Most people prefer good weather on holiday, but for a growing number of travellers to Vancouver Island, tempestuous storms are the big draw - along with a luxury hotel to watch the action from
Our six-seater Cessna plane dipped and wobbled like a free-spirited rollercoaster. ‘We’re trying to avoid a thunderstorm,’ confessed our pilot, ‘so we’re going to be doing quite a bit of zig-zagging.’ Moments later the back of an empty seat collapsed forward in a type of self-imposed crash position and a fellow passenger clutched his knees and screwed up his eyes. It felt ominous - and yet this was the very thing I had been praying for.
I was part of an unusual band of people in search of what most tourists run away from: bad weather – the worse the better. Bring me your tempestuous storms, thundering rains and charging winds straight out of the Old Testament. Just not while I’m in a plane. Call me a fairweather storm trooper (if that’s not an oxymoron); I just wanted to experience it all from the warmth of a vaunted luxury hotel.
The pilots soon found solace above the clouds en route from Vancouver to Vancouver Island on the western edge of Canada. With a clear view of the island’s jagged and deserted coastline, you couldn’t see a soul. In fact, turn the endless forest of fir, spruce and cedar into a puzzle, and it would be impossible to distinguish one piece from another.
I had been assured that Tofino, the town nestled into this rugged land, was the place to catch a storm. A remote spot, it’s where the rainforest wrestles with the washing-machine of the Pacific and its waters are home to more than 250 foundered ships. As we landed at the town’s golf course, which doubles as its air strip, a smile crept across the face of the knee-hugging traveller. It turned out Spencer had also journeyed some 5,000 miles from England, in his case to create a Buddhist meditation centre here. It’s that kind of karmic place, a traditional terminus for ‘alternative folk’ - hippies escaping the hassled life and US draft-dodgers fleeing the Vietnam war.
While this flavour is all around (organic and crafts stores abound in the small town), there’s also been a marked shift in the people it attracts in recent years. It's a mecca for the hardiest of surfers (excellent breakers but frigid temperatures of 4° Celsius are not unheard of), and I clocked as many smart BMWs carrying surfboards as clapped-out, sticker-infested VW Westfalias.
We were staying at the sumptuous Wickanninish Inn on the edge of the Pacific Rim national park. Built into craggy volcanic rock, this 46-room hotel juts majestically into the sea to take advantage of the storm-watching phenomenon its family-owners are responsible for starting. “We always used to hope for a storm when we came here and we wondered whether we were the only wackos that did,” explained owner Charles McDiarmid, whose doctor father Howard had swapped Alberta for Tofino in the 1950s. They weren’t, so more than a decade ago they opened up the Relais & Chateaux hotel – just around the corner from their own home near Chesterman Beach – which has scooped plenty of accolades in Condé Nast Traveller and Travel + Leisure magazines.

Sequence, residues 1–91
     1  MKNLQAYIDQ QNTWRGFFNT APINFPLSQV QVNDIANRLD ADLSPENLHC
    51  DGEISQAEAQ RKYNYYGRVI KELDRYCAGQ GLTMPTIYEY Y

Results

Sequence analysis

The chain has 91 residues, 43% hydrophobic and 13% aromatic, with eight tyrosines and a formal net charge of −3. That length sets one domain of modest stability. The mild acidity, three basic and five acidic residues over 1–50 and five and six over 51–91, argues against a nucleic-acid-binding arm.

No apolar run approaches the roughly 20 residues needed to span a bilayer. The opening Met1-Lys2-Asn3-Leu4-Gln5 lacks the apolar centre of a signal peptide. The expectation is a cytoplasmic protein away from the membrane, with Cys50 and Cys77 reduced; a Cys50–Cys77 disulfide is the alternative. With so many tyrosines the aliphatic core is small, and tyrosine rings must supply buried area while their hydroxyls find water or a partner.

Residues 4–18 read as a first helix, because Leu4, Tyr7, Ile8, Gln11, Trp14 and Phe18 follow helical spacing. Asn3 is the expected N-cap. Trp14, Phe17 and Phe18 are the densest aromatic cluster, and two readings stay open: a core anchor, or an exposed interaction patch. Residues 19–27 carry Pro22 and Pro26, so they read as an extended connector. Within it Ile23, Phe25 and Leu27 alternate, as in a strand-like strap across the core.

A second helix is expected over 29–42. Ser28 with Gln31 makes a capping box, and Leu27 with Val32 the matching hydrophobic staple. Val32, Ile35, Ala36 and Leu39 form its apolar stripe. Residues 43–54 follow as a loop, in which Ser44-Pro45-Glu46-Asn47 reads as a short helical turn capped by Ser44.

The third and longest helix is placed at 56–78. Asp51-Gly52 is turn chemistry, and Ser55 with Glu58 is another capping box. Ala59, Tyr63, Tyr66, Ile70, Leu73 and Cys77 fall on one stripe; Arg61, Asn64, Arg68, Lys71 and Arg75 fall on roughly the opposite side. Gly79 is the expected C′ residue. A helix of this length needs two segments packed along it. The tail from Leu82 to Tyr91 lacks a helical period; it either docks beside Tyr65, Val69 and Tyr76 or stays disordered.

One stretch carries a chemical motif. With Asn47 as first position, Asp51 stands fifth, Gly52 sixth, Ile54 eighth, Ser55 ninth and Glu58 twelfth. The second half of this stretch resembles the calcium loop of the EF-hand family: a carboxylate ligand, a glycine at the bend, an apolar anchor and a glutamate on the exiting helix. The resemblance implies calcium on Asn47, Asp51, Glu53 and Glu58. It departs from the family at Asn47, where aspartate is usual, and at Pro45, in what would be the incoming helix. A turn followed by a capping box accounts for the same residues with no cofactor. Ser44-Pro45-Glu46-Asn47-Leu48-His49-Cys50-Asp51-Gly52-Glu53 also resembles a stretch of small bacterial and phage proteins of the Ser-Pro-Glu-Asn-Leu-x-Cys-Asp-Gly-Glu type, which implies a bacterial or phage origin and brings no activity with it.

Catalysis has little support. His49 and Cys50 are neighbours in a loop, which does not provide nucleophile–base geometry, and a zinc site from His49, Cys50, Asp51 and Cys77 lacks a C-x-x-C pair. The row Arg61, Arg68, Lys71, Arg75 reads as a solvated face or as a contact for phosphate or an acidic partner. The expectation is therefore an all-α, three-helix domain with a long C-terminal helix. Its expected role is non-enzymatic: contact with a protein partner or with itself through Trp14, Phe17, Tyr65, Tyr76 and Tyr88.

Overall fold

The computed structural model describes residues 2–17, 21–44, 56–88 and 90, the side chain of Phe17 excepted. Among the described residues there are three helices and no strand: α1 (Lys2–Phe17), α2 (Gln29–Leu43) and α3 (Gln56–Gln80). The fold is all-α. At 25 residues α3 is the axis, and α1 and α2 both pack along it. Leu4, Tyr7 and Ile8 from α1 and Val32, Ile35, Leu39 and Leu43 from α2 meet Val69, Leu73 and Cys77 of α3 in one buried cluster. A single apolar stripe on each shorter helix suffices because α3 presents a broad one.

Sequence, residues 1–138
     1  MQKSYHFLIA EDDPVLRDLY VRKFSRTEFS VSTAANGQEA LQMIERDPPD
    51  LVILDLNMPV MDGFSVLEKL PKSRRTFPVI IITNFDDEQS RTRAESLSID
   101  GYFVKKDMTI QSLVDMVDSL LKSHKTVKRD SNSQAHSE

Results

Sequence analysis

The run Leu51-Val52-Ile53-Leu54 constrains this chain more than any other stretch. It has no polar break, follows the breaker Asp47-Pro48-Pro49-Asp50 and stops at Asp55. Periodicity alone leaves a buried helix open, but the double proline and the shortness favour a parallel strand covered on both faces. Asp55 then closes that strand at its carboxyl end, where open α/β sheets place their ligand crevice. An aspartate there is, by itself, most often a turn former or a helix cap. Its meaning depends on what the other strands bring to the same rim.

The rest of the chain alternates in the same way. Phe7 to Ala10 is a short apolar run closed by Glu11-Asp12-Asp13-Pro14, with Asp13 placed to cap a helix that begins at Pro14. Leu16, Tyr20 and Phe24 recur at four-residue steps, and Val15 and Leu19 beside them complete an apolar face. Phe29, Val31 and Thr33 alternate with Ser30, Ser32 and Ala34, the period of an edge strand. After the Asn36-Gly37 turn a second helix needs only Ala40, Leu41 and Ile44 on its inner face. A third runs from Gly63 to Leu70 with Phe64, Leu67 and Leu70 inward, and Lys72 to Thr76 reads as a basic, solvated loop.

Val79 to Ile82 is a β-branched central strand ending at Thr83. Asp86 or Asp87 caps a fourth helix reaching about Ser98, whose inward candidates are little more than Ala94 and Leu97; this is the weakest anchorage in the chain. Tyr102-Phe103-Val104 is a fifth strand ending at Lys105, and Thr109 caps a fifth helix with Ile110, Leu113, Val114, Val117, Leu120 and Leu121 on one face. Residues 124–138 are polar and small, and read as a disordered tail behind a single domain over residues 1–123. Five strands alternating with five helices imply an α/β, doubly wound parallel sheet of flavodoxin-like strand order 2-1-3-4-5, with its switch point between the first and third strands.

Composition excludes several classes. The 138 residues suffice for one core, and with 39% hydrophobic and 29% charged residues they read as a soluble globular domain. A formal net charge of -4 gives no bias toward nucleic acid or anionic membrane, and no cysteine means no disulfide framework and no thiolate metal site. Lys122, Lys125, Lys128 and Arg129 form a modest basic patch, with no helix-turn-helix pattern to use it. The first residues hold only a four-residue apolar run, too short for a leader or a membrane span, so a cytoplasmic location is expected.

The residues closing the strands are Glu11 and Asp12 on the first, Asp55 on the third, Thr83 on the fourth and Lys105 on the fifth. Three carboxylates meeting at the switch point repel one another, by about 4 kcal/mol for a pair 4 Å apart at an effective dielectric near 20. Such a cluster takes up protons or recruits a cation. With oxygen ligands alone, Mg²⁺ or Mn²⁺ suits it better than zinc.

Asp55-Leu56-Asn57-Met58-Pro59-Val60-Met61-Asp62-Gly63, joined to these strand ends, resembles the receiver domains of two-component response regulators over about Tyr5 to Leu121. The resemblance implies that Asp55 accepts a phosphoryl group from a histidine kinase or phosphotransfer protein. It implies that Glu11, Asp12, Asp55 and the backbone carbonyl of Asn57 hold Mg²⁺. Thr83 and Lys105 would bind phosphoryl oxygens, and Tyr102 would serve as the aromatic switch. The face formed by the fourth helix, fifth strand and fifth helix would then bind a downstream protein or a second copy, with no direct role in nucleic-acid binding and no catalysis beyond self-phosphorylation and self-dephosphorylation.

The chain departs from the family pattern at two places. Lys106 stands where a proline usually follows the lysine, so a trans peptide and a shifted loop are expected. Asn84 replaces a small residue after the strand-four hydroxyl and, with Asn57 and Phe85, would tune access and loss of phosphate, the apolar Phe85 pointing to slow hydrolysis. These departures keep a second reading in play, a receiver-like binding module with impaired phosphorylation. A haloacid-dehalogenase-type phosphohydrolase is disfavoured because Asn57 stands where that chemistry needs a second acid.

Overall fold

The weather had suddenly switched from brooding sky to incandescent sunshine (it has a habit of doing that, I was informed) - the perfect chance to don the Inn’s yellow sou'westers and head for the long white sandy beach pockmarked with giant driftwood, testament to the force of the reputed storms. An hour later, hail forced a quick retreat into the warmth of my room. With picture windows throughout the Inn, you could snugly - and smugly - witness the coming of the storm without even having to get damp.
It was then that the meaning of Wickanninish, the name of an ancient chief of the native Indian tribes, came into play. Translated as “having no one in front of him in the canoe”, the place makes you feel you’re braving the elements on your own. Soaking in the giant bath surrounded by floor-to-ceiling, triple-glazed windows, being in the eye of the storm was akin to being cocooned in a car undergoing an automatic car wash: the wind slapped the sea into a frenzy, the rocks buffered the ocean and the spray obscured the open windows. It was exhilarating. “So many people live in the city, where a crappy day is a crappy day and the weather’s a real inconvenience,” surmised McDiarmid. “Here, you really feel connected with all the elements.”
Later that night I ate at the hotel’s Pointe Restaurant (clam chowder, lemon Belgian waffles) with its 240-degree vantage point. Even there the tail-end of the storm is relayed to your table via microphones strategically placed outside. So, at the Wick Inn, you don’t even have to open a window to hear the Pacific: how lazy is that?
Rooms at The Wickannish Inn cost from CAN $320 (approx £170) a night.
Return flights from London to Vancouver cost from £430. Try British Airways (www.ba.com) or Air Canada (www.aircanada.com). Connect to the South Terminal at Vancouver Airport and fly Orca Airlines to Tofino (www.flyorcaair.com).